With skillful staging, an impressive band, nostalgic choreography and a talented ensemble, The Arlington Players'(TAP) production of The Wedding Singer celebrates the ‘80s in earnest with fanciful fun and froth.
Based on the 1998 romantic comedy film, starring Adam Sandler and Drew Barrymore, the musical, with music by Matthew Sklar, lyrics by Chad Beguelin, and a book by Beguelin and Tim Herlihy, with minor alterations, runs pretty close to the original story line. As in the movie, The Wedding Singer sets forth in New Jersey, 1985, introducing musician/rock star wannabe (Steve Block) who makes a living playing at weddings with old friends, Sammy (Sterling Beard) and George (Tim Adams), and is about to marry his longtime girlfriend, Linda (Claire O’Brien).
Abruptly jilted, after Linda leaves him at the altar, Robbie spends some time in an orgy of self-pity, crooning songs such as “Somebody Kill Me” and projecting his feelings onto unwitting newlyweds — until a groom throws him into a trash bin. He is rescued by kindhearted waitress Julia (Evie Korovesis), who is inappropriately paired with self-satisfied, disingenuous Wall Street climber Glen (Keith J. Miller), until true love finally works itself out in Las Vegas, with the help of impersonators of Ronald Reagan (William Shingler), Billy Idol (Mike Usowski), Mr. T (Ricardo Coleman), Tina Turner (Aerika Saxe), Cyndi Lauper (K.C. Tydgat), Imelda Marcos (Karen Piczon) and Nancy Reagan (Jennifer Diffell).
Director and Choreographer, John K. Monnett assembles a fine team for TAP’s production. The show has strong design elements, including a versatile two-story set by James Villarrubia, and effective lighting, complete with a disco ball, by B. Keith Ryder and sound from Keith Bell and Drew Moberley. Monnett’s choreography was captivating, particularly in Act I’s “Saturday Night in the City” and Act II’s “All About the Green” and “Single.” In addition, Lory Levitt and Kelly Cronenberg’s creative costuming makes the cast of 24 look like a much larger ensemble – a remarkable achievement. And, Terri Carnahan’s staging is excellent throughout the evening.
Musical Directors Walter McCoy and Steve Przybylski integrate the 11-member band’s sounds seamlessly between comic numbers — such as “Let Me Come Home,” in which the sultry Linda, played to comic excess by Claire O’Brien, tries to woo a horrified Robbie — and tender, romantic ones, such as the duet “If I Told You,” beautifully harmonized by Robbie (Steve Block) and Julia (Evie Korovesis). What’s more, two original songs from the film made it into the musical — the hilarious, “Somebody Kill Me,” Robbie’s lament after being rejected by Linda, and the darling, “Grow Old With You,” the song he ultimately sings for Julia.
In general, the second half of the show seemed a little tighter and paced than the first. Almost all the songs move the narrative forward, and some of the most interesting secondary characters get an opportunity to shine: Julia’s sleazy fiancé, Glen (Keith J. Miller) leads a rollicking ode to ’80s greed in his “All About the Green” number, Robbie’s pals, Sterling Beard (Sammy) and Tim Adams’ (George) silly, endearing personalities in “Single.” And, hip, frisky Grandma Rosie (Barbara Porter) steals the show with her romp, old school delivery, comedic timing and execution of “Move That Thang.”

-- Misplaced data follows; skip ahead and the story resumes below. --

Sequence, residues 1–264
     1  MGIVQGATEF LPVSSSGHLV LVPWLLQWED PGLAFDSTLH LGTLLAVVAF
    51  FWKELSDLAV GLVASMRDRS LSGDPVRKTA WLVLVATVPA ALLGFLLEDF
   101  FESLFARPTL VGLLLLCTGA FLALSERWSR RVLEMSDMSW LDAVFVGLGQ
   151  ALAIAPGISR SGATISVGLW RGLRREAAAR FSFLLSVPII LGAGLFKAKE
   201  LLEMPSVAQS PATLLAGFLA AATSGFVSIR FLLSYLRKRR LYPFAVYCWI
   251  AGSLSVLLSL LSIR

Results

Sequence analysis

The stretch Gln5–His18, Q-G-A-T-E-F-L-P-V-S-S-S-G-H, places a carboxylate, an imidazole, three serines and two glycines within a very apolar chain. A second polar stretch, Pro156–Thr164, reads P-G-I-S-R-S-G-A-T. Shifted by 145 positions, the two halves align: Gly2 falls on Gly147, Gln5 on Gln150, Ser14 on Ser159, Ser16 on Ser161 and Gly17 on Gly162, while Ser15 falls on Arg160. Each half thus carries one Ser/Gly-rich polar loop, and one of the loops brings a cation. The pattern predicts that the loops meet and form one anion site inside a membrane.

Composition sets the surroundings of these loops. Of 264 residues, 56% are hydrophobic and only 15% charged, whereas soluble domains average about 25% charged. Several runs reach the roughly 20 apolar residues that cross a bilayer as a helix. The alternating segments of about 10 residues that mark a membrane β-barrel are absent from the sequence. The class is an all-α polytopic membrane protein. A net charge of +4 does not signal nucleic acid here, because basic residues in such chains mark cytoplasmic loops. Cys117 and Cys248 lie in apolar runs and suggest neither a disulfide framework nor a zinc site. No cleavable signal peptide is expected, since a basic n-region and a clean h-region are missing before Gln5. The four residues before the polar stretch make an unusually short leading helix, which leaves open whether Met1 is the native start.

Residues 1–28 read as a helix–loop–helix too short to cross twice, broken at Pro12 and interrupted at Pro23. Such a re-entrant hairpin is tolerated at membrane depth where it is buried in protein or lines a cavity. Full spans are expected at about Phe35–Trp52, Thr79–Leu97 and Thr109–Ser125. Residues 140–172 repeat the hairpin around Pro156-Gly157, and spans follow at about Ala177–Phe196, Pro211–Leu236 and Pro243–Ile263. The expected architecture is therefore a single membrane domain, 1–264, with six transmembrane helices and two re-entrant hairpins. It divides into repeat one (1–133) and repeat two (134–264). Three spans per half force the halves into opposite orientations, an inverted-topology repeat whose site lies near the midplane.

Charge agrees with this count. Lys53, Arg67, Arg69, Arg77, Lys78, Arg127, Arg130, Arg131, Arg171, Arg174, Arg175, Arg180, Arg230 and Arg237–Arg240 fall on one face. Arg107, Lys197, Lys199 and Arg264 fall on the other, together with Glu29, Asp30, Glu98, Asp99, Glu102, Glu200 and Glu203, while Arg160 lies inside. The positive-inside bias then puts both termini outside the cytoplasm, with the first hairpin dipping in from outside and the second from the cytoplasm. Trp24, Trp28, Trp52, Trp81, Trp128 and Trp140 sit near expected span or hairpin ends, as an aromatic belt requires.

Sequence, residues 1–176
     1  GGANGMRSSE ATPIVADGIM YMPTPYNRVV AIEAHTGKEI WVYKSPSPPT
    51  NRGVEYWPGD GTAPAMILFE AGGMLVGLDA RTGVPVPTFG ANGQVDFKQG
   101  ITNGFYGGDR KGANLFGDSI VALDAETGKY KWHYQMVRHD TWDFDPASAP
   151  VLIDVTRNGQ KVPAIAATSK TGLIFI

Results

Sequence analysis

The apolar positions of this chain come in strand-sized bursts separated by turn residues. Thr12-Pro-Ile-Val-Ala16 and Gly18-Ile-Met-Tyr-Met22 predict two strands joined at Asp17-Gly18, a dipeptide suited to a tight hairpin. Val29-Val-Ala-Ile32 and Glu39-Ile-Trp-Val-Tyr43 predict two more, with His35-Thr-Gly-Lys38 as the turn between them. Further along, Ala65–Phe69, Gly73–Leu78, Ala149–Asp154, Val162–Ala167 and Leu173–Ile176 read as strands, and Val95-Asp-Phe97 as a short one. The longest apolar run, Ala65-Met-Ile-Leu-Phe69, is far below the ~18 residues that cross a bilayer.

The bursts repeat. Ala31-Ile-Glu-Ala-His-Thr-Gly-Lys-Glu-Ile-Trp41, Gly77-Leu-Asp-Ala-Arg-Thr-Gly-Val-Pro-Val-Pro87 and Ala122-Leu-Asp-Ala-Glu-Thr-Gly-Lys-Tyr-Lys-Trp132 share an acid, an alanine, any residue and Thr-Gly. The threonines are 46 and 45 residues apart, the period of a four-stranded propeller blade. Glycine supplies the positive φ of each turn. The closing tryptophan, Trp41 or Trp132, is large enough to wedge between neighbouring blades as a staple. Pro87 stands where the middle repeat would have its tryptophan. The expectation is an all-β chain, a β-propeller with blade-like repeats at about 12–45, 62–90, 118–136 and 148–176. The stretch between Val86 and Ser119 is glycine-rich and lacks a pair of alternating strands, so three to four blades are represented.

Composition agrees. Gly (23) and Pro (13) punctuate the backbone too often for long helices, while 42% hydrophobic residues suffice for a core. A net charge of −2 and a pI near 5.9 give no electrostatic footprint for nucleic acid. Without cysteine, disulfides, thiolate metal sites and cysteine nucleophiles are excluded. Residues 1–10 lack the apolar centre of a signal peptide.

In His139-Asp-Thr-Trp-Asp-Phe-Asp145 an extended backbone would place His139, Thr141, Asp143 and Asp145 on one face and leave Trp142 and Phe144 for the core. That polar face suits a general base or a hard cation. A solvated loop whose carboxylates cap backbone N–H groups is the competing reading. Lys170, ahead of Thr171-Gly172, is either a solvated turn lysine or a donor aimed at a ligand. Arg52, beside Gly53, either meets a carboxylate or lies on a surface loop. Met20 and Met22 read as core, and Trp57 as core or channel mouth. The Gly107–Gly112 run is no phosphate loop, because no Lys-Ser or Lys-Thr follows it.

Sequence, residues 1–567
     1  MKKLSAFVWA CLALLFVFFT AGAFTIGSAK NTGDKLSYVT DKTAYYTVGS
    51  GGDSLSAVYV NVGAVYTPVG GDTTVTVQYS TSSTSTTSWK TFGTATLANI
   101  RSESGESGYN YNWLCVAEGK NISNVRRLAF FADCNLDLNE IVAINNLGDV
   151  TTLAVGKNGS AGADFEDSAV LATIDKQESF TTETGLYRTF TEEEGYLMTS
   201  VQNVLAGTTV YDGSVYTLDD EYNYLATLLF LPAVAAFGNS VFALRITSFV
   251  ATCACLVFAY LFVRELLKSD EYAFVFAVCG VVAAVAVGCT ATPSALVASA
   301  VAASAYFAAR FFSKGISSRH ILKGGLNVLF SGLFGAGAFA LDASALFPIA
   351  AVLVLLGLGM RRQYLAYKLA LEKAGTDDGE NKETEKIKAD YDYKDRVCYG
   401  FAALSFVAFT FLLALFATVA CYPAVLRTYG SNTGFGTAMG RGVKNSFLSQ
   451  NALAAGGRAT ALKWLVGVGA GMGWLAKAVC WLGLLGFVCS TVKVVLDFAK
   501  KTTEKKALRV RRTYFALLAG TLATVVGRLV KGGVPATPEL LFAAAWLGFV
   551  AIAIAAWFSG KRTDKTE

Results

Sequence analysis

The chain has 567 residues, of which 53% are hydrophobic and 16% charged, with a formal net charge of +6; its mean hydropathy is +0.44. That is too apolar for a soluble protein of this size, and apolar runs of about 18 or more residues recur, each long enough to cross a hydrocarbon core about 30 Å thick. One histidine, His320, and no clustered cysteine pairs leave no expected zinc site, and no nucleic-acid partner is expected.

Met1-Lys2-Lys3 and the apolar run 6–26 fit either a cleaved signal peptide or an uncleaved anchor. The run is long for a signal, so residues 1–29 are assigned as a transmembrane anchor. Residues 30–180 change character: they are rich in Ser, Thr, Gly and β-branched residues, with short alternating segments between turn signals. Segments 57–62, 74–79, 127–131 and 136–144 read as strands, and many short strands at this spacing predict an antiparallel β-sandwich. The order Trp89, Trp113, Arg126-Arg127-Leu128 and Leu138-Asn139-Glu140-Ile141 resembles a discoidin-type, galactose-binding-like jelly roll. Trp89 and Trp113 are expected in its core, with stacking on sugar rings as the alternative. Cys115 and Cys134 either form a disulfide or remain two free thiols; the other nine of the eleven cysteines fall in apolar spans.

Other stand out performances include Teresa Danskey (sassy Holly) belting out “Saturday Night in the City” with full-on moxie while dancing pastiches of “Thriller” and Flashdance; Tim Adams ‘(George) amusing rendition of Spandau Ballet’s “True” and “George’s Prayer” at the Shapiro Bar Mitzvah. Linda (Claire O’Brien) provides two show-stopping moments with “A Note from Linda“ and “Let me Come Home.” O’Brien channels Pat Benatar with perfect comedic timing and noteworthy dance and vocal styling.
Much of The Wedding Singer’s charm emanates from the portrayal of its two central characters. Evie Korovesis’ Julia is vulnerable, eager and reassuringly down-to-earth; she delivers a heartfelt, authentic performance as Julia, and her voice displayed marked range and dimension, particularly in the “If I Told You” duet. Steve Block’s Robbie is pleasantly low-key much of the time; he does nice, understated work as the title character with his casually relaxed singing style.
Under John K. Monnett’s acute direction and energetic choreography, The Arlington Players’ The Wedding Singer is a funny, festive frolic through a glorious decade, rallying a nice night for a white wedding.
Running Time: Two hours, with one 20-minute intermission.
The Wedding Singer plays through October 18, 2014 at The Arlington Players performing at the Thomas Jefferson Theatre—125 South Old Glebe Road, in Arlington, VA. For tickets, purchase them at the theatre, or online.